How To Repair An RV Roof
DIY Trailer and RV Roof Repair and Camper Waterproofing
This will be a multi-part series about camper, RV and trailer repair. Actually, these articles will fit for most any metal shelled home. The first part will be about how to water proof your trailer from top to bottom. Trailers usually leak the most at the roof, so we will start there first.
If you follow the steps shown in this article, and keep your trailer maintained, you should get a lifetime of use from it.
This series will cover some of the most extreme water damage and show you that nearly any camper with its outer shell still intact can be salvaged. You may also be surprised at how inexpensive it can be to repair an RV or camper yourself.
Below you can see a couple photos of a very badly water damaged camper. The frame in the ceiling was soaking wet and you could push your finger into the wood, it was so soft. The ceiling was sagging due to the frame being damaged, which worsened the damage by allowing water to seep into the roof seams. Near the rear of the trailer, the wood was dry rotted from old water damage and it fell apart into tiny fragments when pressure was applied with the hand.
Do-It-Yourself Trailer Roof Sealing and Repair
The first thing you need to do is wash the roof thoroughly. Then dry it off as good as possible. Of course, a small hand brush is great to push off all the extra water in the lower and sagging areas of the roof. If you brush the water off briskly, you can follow up with a hand towel and wipe the area dry.
Scrape or brush off any remaining debris or old roof patch material. Often, old tar or patching will flake or lift off. Sometimes it is raised a bit on the edges and allows water to seep underneath. If needed, you can take a flat scraper or wide tipped screwdriver and carefully scrape off any loose tar or patching material. Be careful not to punch through the roof as you work.
Rubberized Leak Stopper
The rubberized Leak Stopper, pictured above, is one of the best materials that you can find for trailer roof repair. It seeps deep into cracks and crevices and forms a special bond with the metal roofing material to form a permanent seal. It is guaranteed for many years of solid protection and only costs about $17 for a gallon.
Wear protective clothing when working with this stuff. It is just like tar and will ruin clothes. Wear disposable gloves as well. This stuff will not wash off (experience talking).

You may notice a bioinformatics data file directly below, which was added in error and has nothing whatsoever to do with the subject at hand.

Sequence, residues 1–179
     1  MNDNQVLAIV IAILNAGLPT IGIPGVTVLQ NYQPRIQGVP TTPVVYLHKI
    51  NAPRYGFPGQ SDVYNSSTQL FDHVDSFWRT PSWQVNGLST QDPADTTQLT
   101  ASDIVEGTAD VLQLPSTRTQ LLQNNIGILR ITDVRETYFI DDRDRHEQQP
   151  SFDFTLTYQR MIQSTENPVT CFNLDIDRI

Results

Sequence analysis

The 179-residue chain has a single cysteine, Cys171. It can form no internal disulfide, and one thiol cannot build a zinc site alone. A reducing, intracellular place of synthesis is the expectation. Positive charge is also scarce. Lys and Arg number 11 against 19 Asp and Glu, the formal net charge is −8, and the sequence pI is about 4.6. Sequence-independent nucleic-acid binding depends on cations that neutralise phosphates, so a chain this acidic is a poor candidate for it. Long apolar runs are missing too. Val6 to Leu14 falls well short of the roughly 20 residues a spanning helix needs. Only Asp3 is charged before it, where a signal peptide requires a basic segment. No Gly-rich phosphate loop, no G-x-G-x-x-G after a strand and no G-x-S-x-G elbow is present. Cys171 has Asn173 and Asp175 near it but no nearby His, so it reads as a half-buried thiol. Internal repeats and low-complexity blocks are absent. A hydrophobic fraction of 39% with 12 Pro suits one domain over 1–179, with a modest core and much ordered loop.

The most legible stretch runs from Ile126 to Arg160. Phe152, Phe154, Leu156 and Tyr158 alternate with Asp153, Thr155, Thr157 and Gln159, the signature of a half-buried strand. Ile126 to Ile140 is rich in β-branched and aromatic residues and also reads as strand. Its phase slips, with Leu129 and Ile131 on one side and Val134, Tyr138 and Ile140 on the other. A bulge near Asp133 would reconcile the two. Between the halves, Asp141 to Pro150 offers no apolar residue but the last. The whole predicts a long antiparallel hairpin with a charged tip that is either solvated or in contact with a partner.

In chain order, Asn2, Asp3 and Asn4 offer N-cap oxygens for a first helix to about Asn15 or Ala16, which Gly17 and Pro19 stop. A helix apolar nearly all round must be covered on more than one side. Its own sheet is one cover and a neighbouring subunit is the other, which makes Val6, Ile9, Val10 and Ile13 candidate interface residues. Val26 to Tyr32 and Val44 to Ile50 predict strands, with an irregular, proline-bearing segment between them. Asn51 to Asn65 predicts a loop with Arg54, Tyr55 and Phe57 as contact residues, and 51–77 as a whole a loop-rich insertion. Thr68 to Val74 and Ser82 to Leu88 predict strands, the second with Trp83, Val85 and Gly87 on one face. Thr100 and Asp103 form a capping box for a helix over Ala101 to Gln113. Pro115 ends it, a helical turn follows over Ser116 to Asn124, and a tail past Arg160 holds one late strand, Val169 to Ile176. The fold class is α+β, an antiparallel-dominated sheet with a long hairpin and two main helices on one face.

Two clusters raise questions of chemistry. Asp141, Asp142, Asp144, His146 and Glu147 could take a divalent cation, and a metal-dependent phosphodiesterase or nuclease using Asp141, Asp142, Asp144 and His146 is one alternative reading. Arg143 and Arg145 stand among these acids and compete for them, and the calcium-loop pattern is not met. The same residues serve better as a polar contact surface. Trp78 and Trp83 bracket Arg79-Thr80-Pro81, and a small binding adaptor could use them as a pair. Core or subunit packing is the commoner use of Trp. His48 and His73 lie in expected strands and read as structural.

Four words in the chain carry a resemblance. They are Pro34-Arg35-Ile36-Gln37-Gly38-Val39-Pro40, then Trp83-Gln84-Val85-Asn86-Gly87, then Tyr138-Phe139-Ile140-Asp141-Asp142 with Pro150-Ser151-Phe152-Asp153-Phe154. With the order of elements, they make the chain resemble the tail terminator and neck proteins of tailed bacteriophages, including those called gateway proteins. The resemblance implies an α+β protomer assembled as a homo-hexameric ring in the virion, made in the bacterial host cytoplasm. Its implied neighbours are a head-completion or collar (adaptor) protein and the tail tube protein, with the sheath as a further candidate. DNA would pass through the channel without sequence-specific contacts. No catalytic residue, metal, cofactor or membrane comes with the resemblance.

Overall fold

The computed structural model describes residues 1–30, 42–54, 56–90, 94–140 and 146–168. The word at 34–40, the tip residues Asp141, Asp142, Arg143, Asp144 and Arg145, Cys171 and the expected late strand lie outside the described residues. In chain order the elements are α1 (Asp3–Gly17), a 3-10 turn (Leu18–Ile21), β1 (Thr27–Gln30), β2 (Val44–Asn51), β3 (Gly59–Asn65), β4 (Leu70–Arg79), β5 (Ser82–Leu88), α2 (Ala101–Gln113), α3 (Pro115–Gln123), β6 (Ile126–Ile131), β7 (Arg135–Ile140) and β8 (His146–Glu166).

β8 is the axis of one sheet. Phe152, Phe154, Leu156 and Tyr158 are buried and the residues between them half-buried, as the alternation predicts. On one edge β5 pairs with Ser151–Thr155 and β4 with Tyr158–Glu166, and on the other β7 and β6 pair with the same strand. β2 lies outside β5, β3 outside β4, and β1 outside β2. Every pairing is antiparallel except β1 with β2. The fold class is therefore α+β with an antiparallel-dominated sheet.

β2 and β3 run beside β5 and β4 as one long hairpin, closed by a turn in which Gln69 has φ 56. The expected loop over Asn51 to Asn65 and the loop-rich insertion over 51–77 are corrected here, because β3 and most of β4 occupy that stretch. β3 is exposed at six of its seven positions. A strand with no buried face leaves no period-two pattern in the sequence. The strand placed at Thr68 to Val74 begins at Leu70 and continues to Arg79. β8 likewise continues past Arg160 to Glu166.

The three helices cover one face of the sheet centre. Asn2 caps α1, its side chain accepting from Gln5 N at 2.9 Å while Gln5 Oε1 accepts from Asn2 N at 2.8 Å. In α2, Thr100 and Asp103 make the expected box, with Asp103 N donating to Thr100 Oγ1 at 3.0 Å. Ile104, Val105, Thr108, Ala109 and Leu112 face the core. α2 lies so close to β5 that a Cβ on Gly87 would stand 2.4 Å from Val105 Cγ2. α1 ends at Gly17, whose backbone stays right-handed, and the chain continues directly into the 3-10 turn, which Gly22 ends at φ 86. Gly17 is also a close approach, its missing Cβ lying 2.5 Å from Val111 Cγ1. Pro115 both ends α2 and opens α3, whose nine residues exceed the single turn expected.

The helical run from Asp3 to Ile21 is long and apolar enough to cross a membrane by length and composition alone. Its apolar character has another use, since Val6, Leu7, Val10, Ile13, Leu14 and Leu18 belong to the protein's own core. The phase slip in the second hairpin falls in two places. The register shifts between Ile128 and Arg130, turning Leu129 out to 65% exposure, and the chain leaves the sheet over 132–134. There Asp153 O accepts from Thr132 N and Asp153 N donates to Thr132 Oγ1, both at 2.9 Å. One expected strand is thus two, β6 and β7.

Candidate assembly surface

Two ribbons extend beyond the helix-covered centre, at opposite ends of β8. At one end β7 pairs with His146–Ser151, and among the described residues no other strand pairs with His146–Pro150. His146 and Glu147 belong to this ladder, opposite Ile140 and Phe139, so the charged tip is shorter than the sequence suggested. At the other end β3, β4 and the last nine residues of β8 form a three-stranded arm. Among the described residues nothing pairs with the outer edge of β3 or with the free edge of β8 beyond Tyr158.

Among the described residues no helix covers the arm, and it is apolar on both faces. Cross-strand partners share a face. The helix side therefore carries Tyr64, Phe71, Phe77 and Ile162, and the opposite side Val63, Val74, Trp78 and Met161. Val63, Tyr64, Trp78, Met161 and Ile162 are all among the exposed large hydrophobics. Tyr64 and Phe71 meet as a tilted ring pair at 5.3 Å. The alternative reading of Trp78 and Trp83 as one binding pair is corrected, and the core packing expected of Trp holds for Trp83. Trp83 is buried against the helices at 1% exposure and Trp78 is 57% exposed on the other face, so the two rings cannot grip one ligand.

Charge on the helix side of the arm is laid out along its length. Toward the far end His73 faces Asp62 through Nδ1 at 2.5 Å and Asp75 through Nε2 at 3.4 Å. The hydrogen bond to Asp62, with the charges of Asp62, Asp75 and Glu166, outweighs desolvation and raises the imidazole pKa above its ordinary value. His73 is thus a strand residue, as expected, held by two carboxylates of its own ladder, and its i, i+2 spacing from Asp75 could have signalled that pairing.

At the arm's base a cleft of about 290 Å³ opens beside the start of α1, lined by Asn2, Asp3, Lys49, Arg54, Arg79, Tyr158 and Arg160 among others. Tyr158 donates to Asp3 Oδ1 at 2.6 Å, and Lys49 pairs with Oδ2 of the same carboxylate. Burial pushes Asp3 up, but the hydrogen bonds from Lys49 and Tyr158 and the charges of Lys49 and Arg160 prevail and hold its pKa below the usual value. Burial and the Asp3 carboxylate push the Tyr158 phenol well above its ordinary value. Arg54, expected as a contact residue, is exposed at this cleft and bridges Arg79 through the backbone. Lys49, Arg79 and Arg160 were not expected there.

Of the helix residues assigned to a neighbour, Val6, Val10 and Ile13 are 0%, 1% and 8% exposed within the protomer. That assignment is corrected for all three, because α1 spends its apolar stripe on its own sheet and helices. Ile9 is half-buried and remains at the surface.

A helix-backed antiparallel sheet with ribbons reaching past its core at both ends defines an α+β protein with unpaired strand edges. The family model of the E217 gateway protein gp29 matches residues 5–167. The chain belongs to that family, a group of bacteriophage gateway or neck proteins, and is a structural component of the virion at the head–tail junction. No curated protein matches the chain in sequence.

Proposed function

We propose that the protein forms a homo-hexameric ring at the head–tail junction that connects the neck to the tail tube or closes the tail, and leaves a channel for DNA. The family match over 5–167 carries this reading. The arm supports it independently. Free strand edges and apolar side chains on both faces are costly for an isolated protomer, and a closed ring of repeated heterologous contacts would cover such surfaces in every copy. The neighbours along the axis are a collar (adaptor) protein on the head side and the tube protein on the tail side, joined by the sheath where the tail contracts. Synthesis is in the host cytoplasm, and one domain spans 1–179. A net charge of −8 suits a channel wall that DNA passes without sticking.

Use an old, disposable paint brush or metal trowel to spread an even coat over every seam on the trailer roof. Make sure you coat it well. Cover about an inch extra on both sides of the seam. Seal around vents, air conditioners, antennas and anything else sticking up through the roof. These are also problem areas that we often never notice until it is way too late. Slow leaks occur around these points and stay hidden for years. When we discover the damage, it is already very much advanced.
Spread Sealer Evenly Around Roof Seams
Notice in the photo above how the sealer is spread thin, but wide over the seams. Make sure that you coat the seams very well and spread the tar outward from the center of the seam. Cover every single seam and crack in your roof. Not just the problem areas. If you coat every seam, you can prevent future leaks as well.
For larger rips or tears in your camper roof, you may need some fiberglass repair tape (shown below). Spread your roof repair tar all over the area to be patched. Then lay some fiberglass screen over the hole. Spread more of the roof patching tar on top of the tape, covering it completely. Your roof should not leak again.
Fiberglass Repair Screen
We hope this article helps you out in your camper repair job. The next article covers how to seal all of the seams on the walls and sides of your camper providing you with many more years of use from your RV or trailer. See How To Waterproof Your Trailer or RV
Feel free to ask any questions or get help with your project on our Support Forum.
How to repair camper or RV water damage
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